Rooted in its maritime tradition, Cork has always been a European City where new influences have melded with old traditions to inspire creativity and genius, energising the cultural life of the nation. In the 1960s, the revival of our national musical tradition was being led by the great Seán O’Riada. Seán O’Tuama at UCC had already produced his Nuabhéarsaíocht, giving recognition to contemporary Irish language poets, and it was also in UCC in the early 1970’s that a whole generation of poets emerged writing in English and in Irish under the inspirational mentorship of John Montague. This generation which includes Gabriel Rosenstock, Nuala Ní Dhomhnaill, Theo Dorgan, Sean Dunne, William Wall and Tom McCarthy made, and continue to make, an immense contribution to the life and literature of our country.
Cork is rightly known for its great prose writers – O’Connor, O’Faolain and Corkery – whose work defined an entire art-form. More than half a century ago, the Irish short story was redefined by such as Frank O’Connor. He and others showed a deep knowledge of the great European writing; they introduced, for example, the power of the Russian long short story, as well as the experimental forms in French and other European languages.
But we should celebrate equally your wonderful poets, that golden generation who studied on the Western Road in the 1970’s, and also the genius of all forms that was Patrick Galvin, whose Mad woman of Cork would have justified radio as a medium on its own, and the incomparable Sean O’Ríordáin, who I put alongside Máirtín Ó Direáin as a poet of sensibility and loss in the near modern period.
What all of these artists and institutions have in common is a rejection of elitism in the arts and a commitment to bringing excellence in Irish and world culture to the people of the city. The city’s public institutions have played a central role in this, not least Cork’s great tradition of public libraries (from which Tom McCarthy has recently retired); as has the unique treasure that is the Crawford Gallery which, I recall from my period as Minister for Arts, Culture and the Gaeltacht, had the most expensive crack in the roof in the Western World. Other Cork institutions and initiatives have made vibrant contributions to our shared cultural life such as your Opera House and theatres; the Munster Literature Centre and the Triskel Arts Centre; and international festivals such as the Jazz Festival, the Cork Film Festival and the new IndieCork Film Festival.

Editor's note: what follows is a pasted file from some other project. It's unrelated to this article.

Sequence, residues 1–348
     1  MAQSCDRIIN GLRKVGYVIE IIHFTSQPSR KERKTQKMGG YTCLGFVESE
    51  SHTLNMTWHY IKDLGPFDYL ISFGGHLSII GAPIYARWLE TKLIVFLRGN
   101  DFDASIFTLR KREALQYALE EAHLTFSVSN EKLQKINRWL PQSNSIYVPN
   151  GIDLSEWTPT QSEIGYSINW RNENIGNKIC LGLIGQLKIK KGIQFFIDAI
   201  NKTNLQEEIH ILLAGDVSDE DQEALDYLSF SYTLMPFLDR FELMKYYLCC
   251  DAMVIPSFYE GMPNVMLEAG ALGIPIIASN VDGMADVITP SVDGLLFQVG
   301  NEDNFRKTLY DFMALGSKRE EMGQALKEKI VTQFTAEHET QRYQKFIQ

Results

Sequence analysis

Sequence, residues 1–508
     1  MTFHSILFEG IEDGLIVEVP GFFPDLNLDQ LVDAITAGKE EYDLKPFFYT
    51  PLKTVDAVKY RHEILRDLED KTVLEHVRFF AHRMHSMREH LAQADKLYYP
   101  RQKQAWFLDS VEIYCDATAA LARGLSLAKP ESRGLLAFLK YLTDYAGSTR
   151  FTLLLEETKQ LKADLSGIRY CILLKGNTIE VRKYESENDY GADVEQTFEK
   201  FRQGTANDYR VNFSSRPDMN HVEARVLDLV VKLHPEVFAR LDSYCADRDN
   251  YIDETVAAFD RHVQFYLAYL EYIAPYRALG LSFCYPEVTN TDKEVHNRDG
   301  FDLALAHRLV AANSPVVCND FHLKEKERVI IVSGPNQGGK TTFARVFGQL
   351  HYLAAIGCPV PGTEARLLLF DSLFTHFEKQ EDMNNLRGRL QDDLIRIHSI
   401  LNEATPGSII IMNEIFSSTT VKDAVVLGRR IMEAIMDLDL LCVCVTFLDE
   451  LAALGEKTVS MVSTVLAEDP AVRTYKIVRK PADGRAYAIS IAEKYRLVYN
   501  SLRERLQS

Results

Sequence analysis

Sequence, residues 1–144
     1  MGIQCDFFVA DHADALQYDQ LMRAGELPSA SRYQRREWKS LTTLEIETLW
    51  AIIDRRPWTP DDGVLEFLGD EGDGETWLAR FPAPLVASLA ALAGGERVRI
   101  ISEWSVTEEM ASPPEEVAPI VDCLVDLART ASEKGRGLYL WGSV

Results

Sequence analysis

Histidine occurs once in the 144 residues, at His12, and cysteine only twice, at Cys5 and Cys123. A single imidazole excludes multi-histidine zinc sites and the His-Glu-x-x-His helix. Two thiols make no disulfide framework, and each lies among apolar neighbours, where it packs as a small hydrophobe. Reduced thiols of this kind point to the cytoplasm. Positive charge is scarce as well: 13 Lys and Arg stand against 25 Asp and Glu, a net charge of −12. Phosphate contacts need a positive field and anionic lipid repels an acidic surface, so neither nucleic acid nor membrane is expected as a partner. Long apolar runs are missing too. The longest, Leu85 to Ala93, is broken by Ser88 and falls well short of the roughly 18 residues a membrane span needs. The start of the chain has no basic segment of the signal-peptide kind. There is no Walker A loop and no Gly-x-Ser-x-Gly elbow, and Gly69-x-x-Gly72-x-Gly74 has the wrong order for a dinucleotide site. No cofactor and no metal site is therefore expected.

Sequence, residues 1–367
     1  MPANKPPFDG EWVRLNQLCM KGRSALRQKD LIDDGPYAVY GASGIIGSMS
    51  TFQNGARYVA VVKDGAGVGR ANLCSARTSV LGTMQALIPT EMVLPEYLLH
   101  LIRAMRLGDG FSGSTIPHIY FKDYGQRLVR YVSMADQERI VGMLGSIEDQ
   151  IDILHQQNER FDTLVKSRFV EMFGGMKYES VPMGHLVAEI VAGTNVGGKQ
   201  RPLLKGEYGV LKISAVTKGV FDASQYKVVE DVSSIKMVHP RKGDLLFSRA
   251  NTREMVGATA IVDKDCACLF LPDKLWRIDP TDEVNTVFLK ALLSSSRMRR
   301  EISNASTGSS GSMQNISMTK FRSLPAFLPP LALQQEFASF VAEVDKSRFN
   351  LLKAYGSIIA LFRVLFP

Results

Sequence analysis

So, as a writer, visitor, and as President who recognises and seeks to cherish and promote our national culture in all its diversity and richness, I want to say to you all that the Irish people have much to celebrate, and be grateful for, in the unique cultural heritage of Cork. Yours is a city blessed by wit and warmth, which stands as a safe harbour not only for ships, but for creativity and culture. To become a Freeman of a city of writers and poets, a city of sports-men and women, of musicians and composers, of patriots and artists is indeed a great honour.
This City Hall stands facing the great harbour of Cork and I can think of no better way to finish than with some words written by my good friend and son of the Northside, Theo Dorgan, who in a recent incarnation had taken to the sea and described the vision of the Harbour as seen from an approaching vessel:
In his Sailing for Home Theo addresses Cork as follows:
“Cork of the great harbour, Cork of the merchants and canny dockworkers, Cork of the troopships, Rebel Cork, Cork of the martyred Lord Mayor; stone quays from which tens of thousands sailed into loneliness and dispossession, quays known to sailors of every nationality under the sun, quays and their pubs, sanctuaries and schools; my waterborne city built on a marsh, her motto ‘Statio Bene Fide Carinis’ — A Harbour Good and Safe for Ships’, Cork with her tower of Shandon topped by a golden salmon, Cork with her back to a sufficient province, her many faces turned always to the south and to the sea.”
You can understand that, with such a stirring invocation of the city of Cork offered by one of your own, it is with a great sense of humility and appreciation that I gratefully accept your conferring of the Freedom of Cork City on me.
Guím rath agus beannacht oraibh, ar bhur gcathair is ar bhur muintir, agus gabhaim buíochas ó chroí libh as an fíor chaoin fáilte a d’fhear sibh romham féin agus roimh mo bhean chéile Saidhbh